Contrary to Verma’s assertions, evidence adduced in court leading to the company being placed under judicial management and final liquidation of Pula Steel indicates that the Verma family was the greatest beneficiary of the deal.
Court records submitted during the application for judicial management shows that CEDA was approached by Pula Steel partners comprising of Wealth Generation owned by Brian Mosenene and Mpho Balopi ; and the Verma Family represented by Verma senior and the spouse. CEDA then injected funds as they believed that it was a good business proposition and especially being in Selibe Phikwe, but before any production could start, BCL developed interest in being part of the project.
CEDA was not aware at all material times that one of the Verma’s was in partnership with the spouse of the BCL General Manager at that time in an unrelated business nor was it privy to the discussions that led BCL to develop interest in Pula Steel. BCL paid for their consideration in Pula Steel and as per the Shareholders Agreement they were given a controlling stake whilst Phase 1 implementation was underway. Pula Steel under the management of Verma senior as CEO proceeded to procure equipment for Phase 2 with funds that were supposed to complete Phase 1 of the project. This led to a shortfall in funds to complete Phase 1 hence the capital call that resulted.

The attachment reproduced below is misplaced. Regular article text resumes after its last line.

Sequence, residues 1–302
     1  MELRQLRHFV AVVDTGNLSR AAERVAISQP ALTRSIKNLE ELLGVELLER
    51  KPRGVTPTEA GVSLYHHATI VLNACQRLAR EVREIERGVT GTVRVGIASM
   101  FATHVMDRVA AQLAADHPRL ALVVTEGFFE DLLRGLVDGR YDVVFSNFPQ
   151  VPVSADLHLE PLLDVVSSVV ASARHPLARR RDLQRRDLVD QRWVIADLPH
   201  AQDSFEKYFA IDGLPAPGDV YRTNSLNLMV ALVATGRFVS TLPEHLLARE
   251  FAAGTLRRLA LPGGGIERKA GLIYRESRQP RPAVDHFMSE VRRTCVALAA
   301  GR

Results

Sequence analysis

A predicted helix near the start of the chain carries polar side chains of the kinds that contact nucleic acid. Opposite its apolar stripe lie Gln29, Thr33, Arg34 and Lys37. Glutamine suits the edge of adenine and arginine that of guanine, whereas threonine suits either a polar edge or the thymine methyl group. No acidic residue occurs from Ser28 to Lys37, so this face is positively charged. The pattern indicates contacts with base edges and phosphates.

CEDA questioned the wisdom of allowing such a cardinal transgression in planning and subsequently CEDA declined to take part in the Capital Call and ended up being diluted. CEDA at the time stated to Pula Steel that its decision not to participate was based on the unjustified change in scope without CEDA’s consent and without a proper business case. Whilst BCL did deposit their portion of the capital call, the Vermas indicated that they had paid a creditor a certain amount and therefore wanted it to be treated as their contribution, whilst the event took place prior to the capital call but could not produce paper trail to that effect. Disagreements ensued that fuelled the mistrust within the shareholders because it was an expectation that such funds be deposited in an account and be recorded as such.
Besides non-compliance with the agreed capital call governance, funds were being raised for a different purpose than paying the referred creditors of which the resultant effect was that there will be a shortfall on the targeted capital being raised. This was hotly debated and contested, and other shareholders were adamant that the Vermas had not paid as agreed. However, over time as this was being debated, BCL being the majority shareholder decided to recognise the Vermas’ contribution and capital call process was closed and funds released for the company’s use.
Money then finished off very quickly as it came and still the business was not operating optimally. Pula Steel then made another capital call. This time around BCL made it clear that they will not participate because they were in liquidation. Besides BCL, other shareholders proceeded to consider the capital call. Following its internal processes, CEDA reverted and indicated that its exceptional participation woud be based on certain conditions being met which were stipulated in a term sheet.
The conditions that CEDA put in were that a Management Services firm be engaged to ensure that policies and procedures are embedded in the organisation for good corporate governance. CEDA needed to know as to what transpired from a company that required an initial P40m to a company that had already gobbled up more than P120m within a short space of time.